How to write a Last Will and Testament [step by step] +checklist


This is the most comprehensive guide on how to write a last will and testament.

This guide discusses;

the meaning of last will and testament

forms/types of will

characteristics of will

how to write a valid will

sample of the last will and testament

what to do after writing a will

etc.

what is a Last Will and Testament?

Will is a legal document in which a person (testator) voluntarily declares how he desires his properties to be handled and finally distributed, once he dies. A testator appoints his hires and a person (executor) who will execute his desires through a Will.

Forms/types of  a Last Will and Testament

Generally, there are two forms of Will; i.e Oral Will and Written Will. However, a written will appears to be appropriate because it is simple to prove its existence.

Forms and contents of the Will are always affected by statutory laws (Statutory Will), religions (Islamic wills), and customs (customary Wills) of a certain locality.

Therefore before writing your Will, you must put into consideration relevant statutes, your religion and custom apply in your life. One may wish to prepare a statutory will, an Islamic will, or a customary will.

Characteristic of a Last Will and Testament

  1. It operates only as a declaration of intention.
  2. It is revocable i.e you can cancel your Will at any time before death.
  3. It takes effect after the death of the testator.
  4. Will is ambulatory in Nature. This means it is capable of dealing with the property acquired after the date when it was made, provided, and that is, means that the property is owned by the testator until his death.
READ ALSO  Meaning and functions of Bank

Requirements / Validity of the Last Will and Testament

Statutory, Islamic, or customary will, may only be valid and executed when it meets some requirements.

The following are the important requirements regardless of the nature of the will.

  1. The testator must be of full age (not child).
  2. The testator must be of sound mind at the time he makes a Will.
  3. It must be written unless it is an Oral Will.
  4. It must be free from ambiguity.
  5. It must be voluntarily made. A will, will not be accepted if made under force, fraud, mistake, or other influences.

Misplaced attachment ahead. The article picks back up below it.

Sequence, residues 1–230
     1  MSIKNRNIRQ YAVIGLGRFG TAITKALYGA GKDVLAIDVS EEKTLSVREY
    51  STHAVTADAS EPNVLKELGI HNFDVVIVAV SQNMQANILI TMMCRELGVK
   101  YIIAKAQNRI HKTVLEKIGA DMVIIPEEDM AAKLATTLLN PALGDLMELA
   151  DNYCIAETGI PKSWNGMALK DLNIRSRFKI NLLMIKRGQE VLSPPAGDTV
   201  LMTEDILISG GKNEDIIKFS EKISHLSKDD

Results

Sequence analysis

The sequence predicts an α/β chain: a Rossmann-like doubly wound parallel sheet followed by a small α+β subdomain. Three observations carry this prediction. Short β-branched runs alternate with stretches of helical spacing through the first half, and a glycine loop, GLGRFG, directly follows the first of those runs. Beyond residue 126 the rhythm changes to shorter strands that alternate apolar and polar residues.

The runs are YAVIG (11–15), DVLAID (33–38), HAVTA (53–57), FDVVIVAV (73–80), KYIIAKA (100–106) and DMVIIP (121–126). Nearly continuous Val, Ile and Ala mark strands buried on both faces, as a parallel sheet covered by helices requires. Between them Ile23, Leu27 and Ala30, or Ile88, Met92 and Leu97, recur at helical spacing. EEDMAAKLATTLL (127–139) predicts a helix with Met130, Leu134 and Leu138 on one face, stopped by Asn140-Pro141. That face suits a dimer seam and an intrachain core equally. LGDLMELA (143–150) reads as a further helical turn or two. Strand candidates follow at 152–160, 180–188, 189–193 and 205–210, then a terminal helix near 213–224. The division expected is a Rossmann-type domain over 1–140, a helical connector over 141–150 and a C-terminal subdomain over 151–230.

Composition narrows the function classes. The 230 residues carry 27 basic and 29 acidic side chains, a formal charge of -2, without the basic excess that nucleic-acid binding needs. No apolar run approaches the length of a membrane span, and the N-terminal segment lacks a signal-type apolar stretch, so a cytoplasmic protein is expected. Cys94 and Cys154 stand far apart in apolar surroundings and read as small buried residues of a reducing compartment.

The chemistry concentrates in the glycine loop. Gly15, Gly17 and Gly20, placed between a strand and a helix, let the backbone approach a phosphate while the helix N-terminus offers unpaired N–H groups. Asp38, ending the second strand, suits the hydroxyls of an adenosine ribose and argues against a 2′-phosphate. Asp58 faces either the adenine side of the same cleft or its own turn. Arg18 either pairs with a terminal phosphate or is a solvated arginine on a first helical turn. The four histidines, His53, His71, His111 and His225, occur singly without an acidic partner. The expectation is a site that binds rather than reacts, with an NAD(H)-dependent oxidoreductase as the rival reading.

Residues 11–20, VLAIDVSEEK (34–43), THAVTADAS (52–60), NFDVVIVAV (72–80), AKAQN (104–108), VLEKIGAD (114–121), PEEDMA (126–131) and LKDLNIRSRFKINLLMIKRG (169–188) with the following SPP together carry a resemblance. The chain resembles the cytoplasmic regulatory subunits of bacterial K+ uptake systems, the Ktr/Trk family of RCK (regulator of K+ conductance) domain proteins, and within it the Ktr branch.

6. It must be witnessed; in case of statutory Will at least two witnesses.
  7. It must be signed by the maker in the presence of the witness who will also sign.

NB: if the Will does meet those conditions will be considered as defective and invalid will.

How to write a Last Will and Testament

The following is how to write a last will and testament perfectly;

Use Proper terminology

Your will must be shown that it was voluntarily made by you. You must use proper terminology to express your wishes.

For example, use REVOKE to revoke all previous testamentary dispositions if that is your intention; APPOINT which deals with the appointment of executors and trustees; I BEQUEATH which sets out any gifts of specific articles which you wish to make, and GIVE, DEVISE BEQUEATH AND APPOINT which deals with any remaining property you may have to dispose of

Present your will properly

Your Will should be laid out in paragraphs numbered in sequence after a first paragraph which confirms the nature of the document (will or codicil) and states your name, address, and occupation or, if you are a woman without an occupation, your status (married woman, widow, etc.).

The first words of each paragraph should be in block capitals and underlined. All names should be set out in full, in capitals, and underlined.

Include all of  your properties

For better estate planning, here you must write a list of anything of value. It may include personal assets including houses, land, shares, bonds, vehicles, jewels, all kinds of bank accounts, antiques.

Appraise the value of all your assets, so you have an idea of your net worth. This is important in a country that has an inheritance tax or estate duty/estate tax.

READ ALSO  legal writing tips for law students: from first year and beyond

Appoint Executor

An executor is a person to whom the power of implementing your desires is vested.

You may choose one or more persons. Also, you must consider stating the alternate executor in case the one you choose is unable or unwilling to serve that position.

You may state the amount which will be paid to the executor for what he will do. Usually, it is wise to have two executors who you can trust, are honest, and are capable of executing your Will consider obtaining their concern before finalizing your will.

Further, you may appoint the guardian of your children if you have a child or children below the age of 18.